Tag Archives: ssms

How to get MS SQL Server job history using a stored procedure

In a previous article (see article) I provided simple queries to return the server’s job history. It’s only natural that when you find yourself running the same script over and over again eventually you’ll get around to turning it into a stored procedure.

Well today was the day.

You can use the script below to create the Stored Procedure usp_GetJobHistory.

To deploy the SP to your instance you’ll need to replace the text PLACEHOLDER with the name of the database you’ll be deploying to. Ideally you should have a utility or administration database rather than deploying to Master.

The SP has 5 parameters.

Parameter Datatype Options Definition
@DaysToPull INT Any Number How many days of history you want
working back from today
@Status VARCHAR One of the following: All’, ‘Succeeded’, ‘Failed’,
‘Retried’, ‘Cancelled’, NULL
Will limited the rows returned
based on the status of the entry
@SortOrder VARCHAR ASC or DESC The occurrence order i.e. oldest to newest
@JobName VARCHAR Any Text Used in a LIKE operator to find jobs containing that text
@ReturnSql BIT 0, 1 or NULL Returns the SQL you can modify or
run to return the history

Example command:

Create the SQL code to return the job history for jobs containing the work backup that failed in the past day sorted by newest to oldest.

EXEC dbo.GetJobHistory @DaysToPull = 1
,@SortOrder = ‘DESC’
,@Status = ‘Failed’
,@JobName = ‘Backup’
,@ReturnSql = 1

Tip: you could use this to create a SSRS report that could be published daily to notify stakeholders of any job failures.

-- REPLACE PLACEHOLDER
USE [PLACEHOLDER];
GO

IF OBJECT_ID('[usp_GetJobHistory]') IS NULL
	EXEC ('CREATE PROCEDURE dbo.[usp_GetJobHistory] AS SELECT 1')
GO

ALTER PROCEDURE [dbo].[usp_GetJobHistory] @DaysToPull INT
	,@Status VARCHAR(9) = NULL
	,@SortOrder VARCHAR(4) = NULL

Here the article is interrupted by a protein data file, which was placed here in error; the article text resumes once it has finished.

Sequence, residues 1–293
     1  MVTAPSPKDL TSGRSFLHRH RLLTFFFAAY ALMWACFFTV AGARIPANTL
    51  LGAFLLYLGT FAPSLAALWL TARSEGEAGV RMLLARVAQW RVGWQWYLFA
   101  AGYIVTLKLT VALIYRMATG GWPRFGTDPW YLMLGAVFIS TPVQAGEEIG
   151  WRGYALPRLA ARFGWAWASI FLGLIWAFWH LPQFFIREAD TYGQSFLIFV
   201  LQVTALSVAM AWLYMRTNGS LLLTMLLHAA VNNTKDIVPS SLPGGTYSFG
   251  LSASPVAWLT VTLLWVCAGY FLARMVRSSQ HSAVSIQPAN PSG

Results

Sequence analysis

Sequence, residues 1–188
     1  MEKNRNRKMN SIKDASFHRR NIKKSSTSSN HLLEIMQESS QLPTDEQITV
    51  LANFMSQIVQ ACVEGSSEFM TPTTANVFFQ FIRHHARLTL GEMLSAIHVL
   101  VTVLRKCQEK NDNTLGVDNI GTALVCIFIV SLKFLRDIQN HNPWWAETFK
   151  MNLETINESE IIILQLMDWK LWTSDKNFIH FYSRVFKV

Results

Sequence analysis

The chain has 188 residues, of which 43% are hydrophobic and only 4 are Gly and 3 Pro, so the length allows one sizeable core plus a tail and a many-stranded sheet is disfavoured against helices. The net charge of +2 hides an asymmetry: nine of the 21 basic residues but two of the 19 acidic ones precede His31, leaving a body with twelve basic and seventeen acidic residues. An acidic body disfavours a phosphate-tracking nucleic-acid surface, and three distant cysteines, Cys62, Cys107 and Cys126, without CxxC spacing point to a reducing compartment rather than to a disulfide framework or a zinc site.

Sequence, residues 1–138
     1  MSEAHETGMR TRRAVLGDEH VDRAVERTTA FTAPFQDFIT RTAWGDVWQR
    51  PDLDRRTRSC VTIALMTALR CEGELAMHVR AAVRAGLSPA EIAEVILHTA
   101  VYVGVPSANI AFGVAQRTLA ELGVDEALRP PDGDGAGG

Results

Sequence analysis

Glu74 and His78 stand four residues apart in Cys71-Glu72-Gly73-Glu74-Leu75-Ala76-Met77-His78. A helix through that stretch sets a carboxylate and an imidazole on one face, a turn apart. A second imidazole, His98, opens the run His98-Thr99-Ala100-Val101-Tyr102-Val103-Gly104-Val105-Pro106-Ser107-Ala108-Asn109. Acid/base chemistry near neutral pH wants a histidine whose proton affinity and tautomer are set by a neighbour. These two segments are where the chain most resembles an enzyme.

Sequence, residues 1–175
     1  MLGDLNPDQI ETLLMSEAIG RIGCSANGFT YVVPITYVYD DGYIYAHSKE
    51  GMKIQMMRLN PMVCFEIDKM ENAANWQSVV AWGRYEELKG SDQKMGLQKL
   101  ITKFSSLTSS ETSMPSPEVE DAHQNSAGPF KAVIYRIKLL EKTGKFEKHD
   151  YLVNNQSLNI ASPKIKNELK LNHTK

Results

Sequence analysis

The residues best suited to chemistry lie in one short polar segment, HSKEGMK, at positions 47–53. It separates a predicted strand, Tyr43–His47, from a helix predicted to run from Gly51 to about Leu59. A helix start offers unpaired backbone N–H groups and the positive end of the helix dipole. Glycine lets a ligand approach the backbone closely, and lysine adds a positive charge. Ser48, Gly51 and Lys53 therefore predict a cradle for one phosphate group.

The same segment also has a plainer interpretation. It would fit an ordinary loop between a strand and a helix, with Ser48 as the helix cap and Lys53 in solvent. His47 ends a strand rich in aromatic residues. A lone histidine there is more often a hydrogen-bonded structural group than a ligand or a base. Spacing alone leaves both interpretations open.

,@JobName VARCHAR(256) = NULL
	,@ReturnSql BIT = NULL
AS
BEGIN
	-- =============================================
	-- Author:      Bloggins
	-- Create date: 20170420
	-- Description: <Query to retrieve job history bypassing SSMS inbuilt viewer>
	-- Website: https://techtidbytes.wordpress.com/
	-- =============================================
	SET NOCOUNT ON

	BEGIN TRY
		-- Variable Declarations 
		DECLARE @PreviousDate DATETIME
		DECLARE @Year VARCHAR(4)
		DECLARE @Month VARCHAR(2)
		DECLARE @MonthPre VARCHAR(2)
		DECLARE @Day VARCHAR(2)
		DECLARE @DayPre VARCHAR(2)
		DECLARE @FinalDate INT
		DECLARE @StatusClause AS VARCHAR(255)
		DECLARE @Sql AS VARCHAR(MAX)

		IF @SortOrder IS NULL
			OR (
				@SortOrder <> 'ASC'
				AND @SortOrder <> 'DESC'
				)
		BEGIN
			SET @SortOrder = 'ASC'
		END

		IF @Status = 'All'
			OR @Status IS NULL
			OR (
				@Status <> 'All'
				AND @Status <> 'Failed'
				AND @Status <> 'Succeeded'
				AND @Status <> 'Retried'
				AND @Status <> 'Cancelled'
				)
		BEGIN
			SET @StatusClause = '0, 1, 2, 3'
		END
		ELSE IF @Status = 'Failed'
		BEGIN
			SET @StatusClause = '0'
		END
		ELSE IF @Status = 'Succeeded'
		BEGIN
			SET @StatusClause = '1'
		END
		ELSE IF @Status = 'Retried'
		BEGIN
			SET @StatusClause = '2'
		END
		ELSE IF @Status = 'Cancelled'
		BEGIN
			SET @StatusClause = '3'
		END

		SET @PreviousDate = DATEADD(dd, - @DaysToPull, GETDATE())
		SET @Year = DATEPART(yyyy, @PreviousDate)

		SELECT @MonthPre = CONVERT(VARCHAR(2), DATEPART(mm, @PreviousDate))

		SELECT @Month = RIGHT(CONVERT(VARCHAR, (@MonthPre + 1000000000)), 2)

		SELECT @DayPre = CONVERT(VARCHAR(2), DATEPART(dd, @PreviousDate))

		SELECT @Day = RIGHT(CONVERT(VARCHAR, (@DayPre + 1000000000)), 2)

		SET @FinalDate = CAST(@Year + @Month + @Day AS INT)
		/*RunDuration FORMAT (DD:HH:MM:SS)*/
		SET @Sql = '
SELECT ROW_NUMBER() OVER(ORDER BY h.instance_id ' + @SortOrder + ' ) AS Row
	,h.Server AS ServerName
	,s.database_name AS DbName
	,j.name AS JobName
	,s.step_name AS StepName
	,h.step_id AS StepId
	,CASE 
		WHEN h.run_status = 0
			THEN ''Failed''
		WHEN h.run_status = 1
			THEN ''Succeeded''
		WHEN h.run_status = 2
			THEN ''Retried''
		WHEN h.run_status = 3
			THEN ''Cancelled''
		END AS RunStatus
	,MSDB.DBO.AGENT_DATETIME(h.run_date, h.run_time) AS RunTime
	,STUFF(STUFF(STUFF(RIGHT(REPLICATE(''0'', 8) + CAST(h.run_duration AS VARCHAR(8)), 8), 3, 0, '':''), 6, 0, '':''), 9, 0, '':'') AS RunDuration
	,h.sql_severity AS SqlSeverity
	,h.message AS MessageReturned
FROM msdb.dbo.sysjobhistory h
INNER JOIN msdb.dbo.sysjobs j ON h.job_id = j.job_id